State officials say that’s hogwash, and the Obama administration has already taken the wind out of the sails of a federal Internet poker bill by clearing the way for states to start setting up their own systems.

The DOJ opinion dealt states already pushing in the direction of legalization — like California and New Jersey — a couple of aces by saying a ban on intrastate Internet gambling only applies to sports betting.

That frees up those states and several others — including Iowa and Connecticut — to follow Illinois and D.C. in the coming months by passing online gambling laws during state legislative sessions. Passage in each Legislature will be complex, but state lawmakers are extra motivated in tight budget times to find new revenue streams.

Regardless of what happens, it looks like momentum is heading in the right direction. Poker is clearly a game of skill, so policy makers need to concede that point and come up with a logical system.

  

Poker is a game of skill

Regardless of the idiotic arguments advanced by the US Justice Department, everyone knows that poker is a game of skill, not a game of chance. Nevertheless, the government is pursuing their ridiculous crackdown on online poker:

For years a massive Internet poker industry operated in the U.S., arguing that facilitating for-money online poker play did not violate any U.S. law. The U.S. Justice Department, however, did not agree with that position and on Friday federal prosecutors in Manhattan filed the most detailed defense of their view that Internet poker is just plain illegal, invoking country music and suggesting that La Cosa Nostra had infiltrated the online poker business.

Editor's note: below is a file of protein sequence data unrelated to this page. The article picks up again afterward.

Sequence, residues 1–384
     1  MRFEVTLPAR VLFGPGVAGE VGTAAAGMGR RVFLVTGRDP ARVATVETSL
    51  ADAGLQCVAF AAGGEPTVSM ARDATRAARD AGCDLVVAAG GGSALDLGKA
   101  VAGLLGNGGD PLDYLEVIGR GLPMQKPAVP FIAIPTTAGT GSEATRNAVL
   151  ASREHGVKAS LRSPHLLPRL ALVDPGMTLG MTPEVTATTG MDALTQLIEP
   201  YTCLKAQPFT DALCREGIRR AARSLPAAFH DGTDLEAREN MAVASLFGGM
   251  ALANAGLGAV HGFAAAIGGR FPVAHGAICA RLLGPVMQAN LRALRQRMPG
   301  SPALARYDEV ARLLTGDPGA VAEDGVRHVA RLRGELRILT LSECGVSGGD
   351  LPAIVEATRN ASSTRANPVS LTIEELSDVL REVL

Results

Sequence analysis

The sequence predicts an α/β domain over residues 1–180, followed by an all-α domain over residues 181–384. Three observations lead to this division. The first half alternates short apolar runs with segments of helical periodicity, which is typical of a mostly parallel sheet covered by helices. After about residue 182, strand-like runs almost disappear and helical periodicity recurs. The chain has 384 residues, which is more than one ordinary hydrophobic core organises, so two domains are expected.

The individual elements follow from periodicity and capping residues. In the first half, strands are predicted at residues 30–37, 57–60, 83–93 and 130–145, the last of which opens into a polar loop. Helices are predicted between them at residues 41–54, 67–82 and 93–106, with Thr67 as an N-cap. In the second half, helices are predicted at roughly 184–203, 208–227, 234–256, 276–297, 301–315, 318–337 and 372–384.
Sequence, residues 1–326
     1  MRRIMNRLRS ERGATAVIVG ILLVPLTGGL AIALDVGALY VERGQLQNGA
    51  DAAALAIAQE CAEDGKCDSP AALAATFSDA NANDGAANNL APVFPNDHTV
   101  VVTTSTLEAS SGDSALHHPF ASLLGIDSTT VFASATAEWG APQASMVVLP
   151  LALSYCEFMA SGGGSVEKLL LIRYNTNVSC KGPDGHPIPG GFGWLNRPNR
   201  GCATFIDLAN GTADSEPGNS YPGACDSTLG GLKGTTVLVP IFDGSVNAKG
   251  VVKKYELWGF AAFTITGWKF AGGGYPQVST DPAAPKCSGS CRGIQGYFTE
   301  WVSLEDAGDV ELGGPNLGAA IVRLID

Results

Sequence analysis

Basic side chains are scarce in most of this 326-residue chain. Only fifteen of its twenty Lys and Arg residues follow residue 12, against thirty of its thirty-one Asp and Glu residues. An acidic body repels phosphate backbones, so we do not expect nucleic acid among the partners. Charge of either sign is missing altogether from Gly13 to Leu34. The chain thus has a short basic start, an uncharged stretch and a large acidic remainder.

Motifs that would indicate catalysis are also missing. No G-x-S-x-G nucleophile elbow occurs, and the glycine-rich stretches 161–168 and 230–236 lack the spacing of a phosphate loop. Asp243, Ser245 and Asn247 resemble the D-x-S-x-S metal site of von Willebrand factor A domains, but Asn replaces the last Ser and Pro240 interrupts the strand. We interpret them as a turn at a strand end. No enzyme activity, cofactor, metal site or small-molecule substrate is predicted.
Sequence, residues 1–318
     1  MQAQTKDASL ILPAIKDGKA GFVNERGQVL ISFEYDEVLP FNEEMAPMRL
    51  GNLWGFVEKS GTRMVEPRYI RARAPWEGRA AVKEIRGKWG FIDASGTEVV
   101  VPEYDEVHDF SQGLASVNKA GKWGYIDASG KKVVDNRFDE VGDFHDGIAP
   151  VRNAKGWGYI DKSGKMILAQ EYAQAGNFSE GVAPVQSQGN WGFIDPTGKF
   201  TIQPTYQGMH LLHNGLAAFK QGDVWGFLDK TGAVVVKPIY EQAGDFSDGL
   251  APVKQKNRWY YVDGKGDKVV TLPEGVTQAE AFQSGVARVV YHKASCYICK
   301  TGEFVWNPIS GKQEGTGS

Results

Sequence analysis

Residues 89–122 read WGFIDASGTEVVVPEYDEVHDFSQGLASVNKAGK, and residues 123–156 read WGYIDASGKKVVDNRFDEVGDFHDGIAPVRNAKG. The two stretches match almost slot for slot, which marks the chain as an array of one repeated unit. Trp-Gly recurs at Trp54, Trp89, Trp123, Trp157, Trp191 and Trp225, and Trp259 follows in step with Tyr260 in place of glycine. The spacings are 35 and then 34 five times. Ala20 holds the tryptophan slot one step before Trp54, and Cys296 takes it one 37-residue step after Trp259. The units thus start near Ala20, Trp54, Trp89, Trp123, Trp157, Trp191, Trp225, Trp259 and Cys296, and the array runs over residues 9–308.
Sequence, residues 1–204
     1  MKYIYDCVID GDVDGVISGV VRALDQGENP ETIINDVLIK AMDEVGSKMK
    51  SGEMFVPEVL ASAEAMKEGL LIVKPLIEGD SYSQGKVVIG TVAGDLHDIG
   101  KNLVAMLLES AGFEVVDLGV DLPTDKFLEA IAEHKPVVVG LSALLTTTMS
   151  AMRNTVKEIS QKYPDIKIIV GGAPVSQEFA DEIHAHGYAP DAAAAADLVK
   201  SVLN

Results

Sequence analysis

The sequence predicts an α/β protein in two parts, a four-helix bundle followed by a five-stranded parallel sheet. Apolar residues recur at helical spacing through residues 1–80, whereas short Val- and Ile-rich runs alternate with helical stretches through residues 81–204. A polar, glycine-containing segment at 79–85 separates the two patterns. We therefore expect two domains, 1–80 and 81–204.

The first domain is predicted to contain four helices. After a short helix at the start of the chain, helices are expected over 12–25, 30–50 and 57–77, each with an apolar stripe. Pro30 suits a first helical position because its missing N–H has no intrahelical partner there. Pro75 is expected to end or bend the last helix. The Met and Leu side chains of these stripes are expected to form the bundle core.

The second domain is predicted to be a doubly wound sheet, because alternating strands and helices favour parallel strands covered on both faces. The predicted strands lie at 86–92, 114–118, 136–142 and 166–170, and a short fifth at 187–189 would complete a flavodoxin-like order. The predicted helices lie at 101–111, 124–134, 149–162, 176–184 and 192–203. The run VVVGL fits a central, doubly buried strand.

The 51-page document was filed by the government in response to the pre-trial motions of an indicted banker and payment processor, who both became unlikely warriors in the long legal battle over online poker in America when they filed legal papers in October arguing that online poker companies like PokerStars and Full Tilt Poker were not gambling businesses. John Campos, a former vice-chairman of a Utah bank, and Chad Elie, who ran a payment processing business, are the only two individuals who have directly stood up to U.S. Attorney Preet Bharara’s April crackdown on the online poker industry in the U.S., which included the indictment of 11 individuals. It is because of Campos and Elie that the government is being forced to litigate its case against online poker for the first time.

In asking a federal judge not to grant motions to dismiss filed by Campos and Elie, federal prosecutors claim “the conduct alleged in the Indictment – a scheme through which the charged defendants abused the U.S. financial system in order to fund their illegal operations – amounts to clear violations of the statutes charged.” The federal prosecutors also claim that Campos, Elie and the rest of the U.S. online poker industry, are wrong to argue that poker is a game of skill and not chance–and thus cannot be treated as illegal gambling.

It’s going to be fascinating to see how the courts decide here. I want to see the testimony of professional poker players and their powerful argument that this is a game of skill. With that, the online poker bans might actually go away.